Hanging Out in Rockford: California dreaming: The past

Ron Mackey and I were at crossroads in our lives. We decided to go to California on our motorcycles. I, for one, had developed a frustrating nervous tic in my eye. I was extremely unhappy in my job; I felt as if I were going nowhere. At one point, another supervisor at the Royal Crown plant and I calculated our hours for the week on a Wednesday only to discover we had already put in 40 hours. I badly wanted to be in business for myself, but other forces kept it at bay.

After a couple of days on the road, my nervous tic disappeared, never to return. It’s amazing how stress affects your body, and it’s amazing how your body can recover when you give it a vacation. Not that the vacation itself wasn’t a little stressful. It rained the entire trip out. In the mountains before Reno, the back wheel spokes on my 750 Honda loosened, and we tried to tighten them with a pair of pliers, the only tool we had that would grip them.

In Reno, a young man tightened and trued my rear wheel. Then, we set out again. When we crossed the mountains and started down the other side into California, the weather magically changed. The sun came out, and, suddenly, we were boiling. We had covered our entire bodies with plastic garbage bags (in addition to our rain suits, which were letting in too much weather). We had taped ourselves around the wrists and ankles. We looked pretty much like two walking bags of trash. In the bathroom of a Chevron station on the 80 bypass, we stood and pulled the plastic from each other’s bodies, laughing unrestrainedly.

That evening, we entered San Francisco in wall-to-wall traffic. At one point, I looked over at Ron, and a semi-trailer truck was barely 3 feet off his bumper at speeds exceeding 80 miles an hour. Welcome to California. After wandering around San Francisco trying to find Lynn’s address, we finally called her on the phone for directions. We were in San Francisco. We had ridden across the whole United States. We were easy rider in our minds.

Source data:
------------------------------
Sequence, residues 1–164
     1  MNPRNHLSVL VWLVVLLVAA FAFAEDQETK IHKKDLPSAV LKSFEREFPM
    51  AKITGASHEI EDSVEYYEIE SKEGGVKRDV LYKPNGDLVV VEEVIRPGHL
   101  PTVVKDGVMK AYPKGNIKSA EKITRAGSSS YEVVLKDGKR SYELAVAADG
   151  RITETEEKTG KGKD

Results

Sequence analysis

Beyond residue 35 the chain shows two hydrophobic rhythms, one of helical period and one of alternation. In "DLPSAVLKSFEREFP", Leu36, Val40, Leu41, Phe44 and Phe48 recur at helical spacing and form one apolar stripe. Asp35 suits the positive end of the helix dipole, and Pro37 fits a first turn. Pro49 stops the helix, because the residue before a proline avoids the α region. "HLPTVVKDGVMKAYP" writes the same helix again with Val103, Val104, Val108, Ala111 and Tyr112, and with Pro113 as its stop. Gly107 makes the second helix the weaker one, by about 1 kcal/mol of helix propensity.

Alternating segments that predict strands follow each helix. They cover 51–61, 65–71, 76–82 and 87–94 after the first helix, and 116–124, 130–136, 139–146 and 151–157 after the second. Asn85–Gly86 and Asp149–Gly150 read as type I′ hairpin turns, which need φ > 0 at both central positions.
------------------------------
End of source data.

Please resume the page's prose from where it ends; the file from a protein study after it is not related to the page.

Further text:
Lynn took us to Chinatown and the Ruby Palace, where we had Dim Sum for the first time. She took us to Fisherman’s Wharf, which, in those days, was much more of an open street fair. I think they should have kept it that way. We saw the human jukebox. We rode the trolley. We went out to dinner. Lynn’s Japanese boss went to a lot of the places with us. He always bought. It was a mark of pride for a Japanese businessman to pay.

After a few days, we went up to Garberville, where Lynn’s sister, Julie, lived. Julie’s girlfriend’s father was the fellow who invented the little compressor that you could plug into your lighter to inflate your car tires. He had provided the girls with start-up money to buy some land in the mountains. They were doing the ’60s escape from San Francisco thing, living off the land. We rode up on 101, and then took logging roads past signs that warned us not to intrude.

The cabin itself was beautiful. The bathroom was covered in sheet plastic, and the sun flowed in. The shower was outside. A pump provided water from the other side of the mountain that warmed in the sun in a cistern at the top of the hill. Showers were taken in the open. Even in the mountains, the weather was pretty mild. The only toilet was at the bottom of the hill, and it was covered with a plywood board; pretty rustic, but very beautiful.

The girls were selling off some mountain so they could buy some other land they were interested in. A number of people were coming up that weekend to look at the land they had for sale. There were interesting people from all parts of the state. Naturally, a party occurred. We drank E.J. Gallo Hearty Burgundy and smoked wicked grass. I tried to pick up a woman from Eureka who was 10 or 20 years my senior.

That night, we wandered down the hill and climbed into our sleeping bags, having left our minds behind. We slept solidly in the California mountain air. In the morning, we were awakened by Julie thumping down the hill in her engineer boots to kick the cover off the latrine. When we arose, it was in a field of marijuana as far as the eye could see.

More next week.

Mike Leifheit’s “Hanging Out In Rockford” reviews locally-owned restaurants, businesses and Rockford life. These columns are available on his Web site, IrishRoseRockford.com. Leifheit is owner of the Irish Rose restaurant in the downtown River District.

From the May 10-16, 2006, issue

Enjoy The Rock River Times? Help spread the word!